— Gil Tayar (@giltayar) March 10, 2022
— Rich Harris (@Rich_Harris) March 9, 2022
Up until now, types were relegated to TypeScript partly because this build step could also be used to compile code for the various browsers. With the advent of continuously updated evergreen browsers, however, the proposal’s authors write that they “anticipate there will be less need for developers to downlevel-compile” and therefore, “for many TypeScript users, the only necessary step between writing code and running it will be to erase away type annotations.”
One noteworthy part of the proposal lays out exactly what is not being proposed:
Here’s why https://t.co/TytQZYWhO7
— Jess Telford (@JessTelford) March 10, 2022
I have had a chance to chew on this a bit and my take is more nuanced now.
As with a lot of decisions in tech, this proposal is a matter of tradeoffs and the weight different people will attribute to various factors will fluctuate
(buckle up, it’s a long one) https://t.co/YqqszuHr0t
— Alex Reardon (@alexandereardon) March 10, 2022
This Week in Programming
- Google’s Summer of Code Drops Mentor List: For those of you considering applying to Google Summer of Code (GSoC) 2022, the list of mentoring organizations has been revealed. It adds 32 new organizations, to bring the total to 203 open source projects. The organizations include a variety of foundations — the Linux Foundation, the Cloud Native Computing Foundation, the Eclipse Foundation, the Python Software Foundation, to name just some — and open source projects like TensorFlow, GitLab, Jenkins, Dart, Ruby, Julia, and many more. The GSoC runs every (northern hemisphere) summer, mentoring developers in the ways of open source software contribution. Applications open on Monday, April 4 and end on Tuesday, April 19.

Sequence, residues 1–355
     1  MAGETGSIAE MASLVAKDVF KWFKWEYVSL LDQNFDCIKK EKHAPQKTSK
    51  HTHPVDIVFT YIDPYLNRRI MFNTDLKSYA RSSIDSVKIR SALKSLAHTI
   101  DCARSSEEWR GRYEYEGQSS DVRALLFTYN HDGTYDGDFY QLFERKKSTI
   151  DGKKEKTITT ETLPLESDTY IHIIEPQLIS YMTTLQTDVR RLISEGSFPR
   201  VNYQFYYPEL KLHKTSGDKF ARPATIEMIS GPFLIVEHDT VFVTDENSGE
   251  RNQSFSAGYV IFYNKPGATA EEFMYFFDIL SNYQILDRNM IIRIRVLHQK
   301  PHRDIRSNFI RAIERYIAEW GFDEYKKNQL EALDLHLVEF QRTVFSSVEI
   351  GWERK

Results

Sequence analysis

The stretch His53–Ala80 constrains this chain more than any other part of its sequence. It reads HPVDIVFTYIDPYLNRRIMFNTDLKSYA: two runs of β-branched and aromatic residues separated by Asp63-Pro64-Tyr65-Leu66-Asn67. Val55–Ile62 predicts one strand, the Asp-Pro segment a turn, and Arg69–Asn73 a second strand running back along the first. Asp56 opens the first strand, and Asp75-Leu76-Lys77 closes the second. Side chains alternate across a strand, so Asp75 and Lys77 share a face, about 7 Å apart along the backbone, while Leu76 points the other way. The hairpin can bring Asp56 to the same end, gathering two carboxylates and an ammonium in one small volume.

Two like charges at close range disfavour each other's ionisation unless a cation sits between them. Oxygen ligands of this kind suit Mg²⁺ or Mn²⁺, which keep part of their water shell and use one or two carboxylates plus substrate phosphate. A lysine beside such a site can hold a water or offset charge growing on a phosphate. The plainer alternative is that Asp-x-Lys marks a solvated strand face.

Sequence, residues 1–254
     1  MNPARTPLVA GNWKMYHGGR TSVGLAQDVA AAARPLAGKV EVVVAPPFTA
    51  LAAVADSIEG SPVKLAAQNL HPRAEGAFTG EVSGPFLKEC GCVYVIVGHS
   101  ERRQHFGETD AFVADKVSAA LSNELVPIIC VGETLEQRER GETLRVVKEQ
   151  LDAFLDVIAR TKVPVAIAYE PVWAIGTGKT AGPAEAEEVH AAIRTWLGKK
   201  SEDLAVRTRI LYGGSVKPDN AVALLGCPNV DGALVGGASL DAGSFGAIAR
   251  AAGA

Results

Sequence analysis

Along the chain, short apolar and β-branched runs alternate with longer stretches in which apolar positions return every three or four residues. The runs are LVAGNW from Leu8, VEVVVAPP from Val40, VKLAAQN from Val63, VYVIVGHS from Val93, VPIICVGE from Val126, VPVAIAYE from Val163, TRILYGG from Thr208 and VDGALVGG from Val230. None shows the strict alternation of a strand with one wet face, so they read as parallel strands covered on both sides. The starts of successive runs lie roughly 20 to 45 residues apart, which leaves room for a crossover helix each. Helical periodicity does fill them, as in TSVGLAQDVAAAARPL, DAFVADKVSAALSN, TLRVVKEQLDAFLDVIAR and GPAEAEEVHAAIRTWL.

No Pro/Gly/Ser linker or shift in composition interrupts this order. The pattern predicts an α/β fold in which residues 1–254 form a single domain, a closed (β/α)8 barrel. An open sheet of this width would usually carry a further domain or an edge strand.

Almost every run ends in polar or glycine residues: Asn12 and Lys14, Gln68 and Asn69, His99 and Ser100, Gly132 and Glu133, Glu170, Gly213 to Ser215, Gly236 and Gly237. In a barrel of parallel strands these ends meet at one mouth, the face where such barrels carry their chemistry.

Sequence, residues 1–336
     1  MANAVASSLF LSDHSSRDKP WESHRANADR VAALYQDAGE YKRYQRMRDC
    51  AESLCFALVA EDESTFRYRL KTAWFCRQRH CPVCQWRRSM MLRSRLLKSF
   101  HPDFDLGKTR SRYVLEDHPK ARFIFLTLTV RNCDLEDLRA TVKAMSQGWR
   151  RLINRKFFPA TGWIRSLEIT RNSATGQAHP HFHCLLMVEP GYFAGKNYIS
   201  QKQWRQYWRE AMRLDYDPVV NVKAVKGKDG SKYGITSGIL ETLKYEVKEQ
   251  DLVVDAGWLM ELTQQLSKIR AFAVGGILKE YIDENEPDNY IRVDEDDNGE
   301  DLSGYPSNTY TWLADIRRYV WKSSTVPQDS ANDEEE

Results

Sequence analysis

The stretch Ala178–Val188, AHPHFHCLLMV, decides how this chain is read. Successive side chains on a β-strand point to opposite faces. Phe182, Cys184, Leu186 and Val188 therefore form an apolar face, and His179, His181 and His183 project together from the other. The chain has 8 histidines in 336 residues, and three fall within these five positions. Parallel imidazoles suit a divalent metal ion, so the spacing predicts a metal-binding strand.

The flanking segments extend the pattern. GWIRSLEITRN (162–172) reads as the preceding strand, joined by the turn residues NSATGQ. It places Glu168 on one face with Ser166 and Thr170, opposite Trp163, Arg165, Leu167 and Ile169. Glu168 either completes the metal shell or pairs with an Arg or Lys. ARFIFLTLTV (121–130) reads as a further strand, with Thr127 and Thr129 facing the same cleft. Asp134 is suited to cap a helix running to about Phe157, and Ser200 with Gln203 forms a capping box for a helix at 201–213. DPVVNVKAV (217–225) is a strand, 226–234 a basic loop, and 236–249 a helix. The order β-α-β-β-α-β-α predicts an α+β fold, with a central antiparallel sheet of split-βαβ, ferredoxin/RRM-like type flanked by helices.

- The DHH Drama Fallout Continues: Last week, we related how Ruby on Rails creator DHH and RailsConf went their separate ways after the RailsConf team asked him to share the keynote stage, and this week the fallout continued, as Rails core team member Kasper Timm Hansen rather abruptly left the core team. Hansen had signaled his displeasure over the situation a week earlier, when he tweeted that he’d rather not be mentioned in DHH’s blog posts, and shortly thereafter issued the pull request that simply stated “I’m leaving Rails core and I’m not interested in being in the alumni.” There was a good amount of fanfare when Kasper joined the Rails core and, if the responses to his tweet and pull requests are any indication, the eleventh most productive contributor to Rails looks like he will be missed by the community at large.
- Embedded Software Development Comes to VS Code: Following a similar launch for Visual Studio 2022, Microsoft has released the Embedded Tools extension for Visual Studio Code, which, according to the extension’s description “provides a register viewer for CMSIS-SVD files, and an RTOS data viewer with support for Azure RTOS and FreeRTOS.” The extension, used alongside the new vcpkg artifact capabilities that helps acquire embedded tool dependencies, allows developers to quickly bootstrap an embedded development machine and get started. With the addition of this extension, VS Code now offers developers all of the usual features, including code navigation, IntelliSense, build, deploy, debugging, and new diagnostic capabilities around peripheral registers and real-time operating system (RTOS) object views.
(Warning: ⚠️ You’ll probably waste all those “saved” minutes debugging runtime errors) https://t.co/qFi5H9aOe1
— Cory House (@housecor) January 8, 2022
Let’s create the next big thing together!
Coming together is a beginning. Keeping together is progress. Working together is success.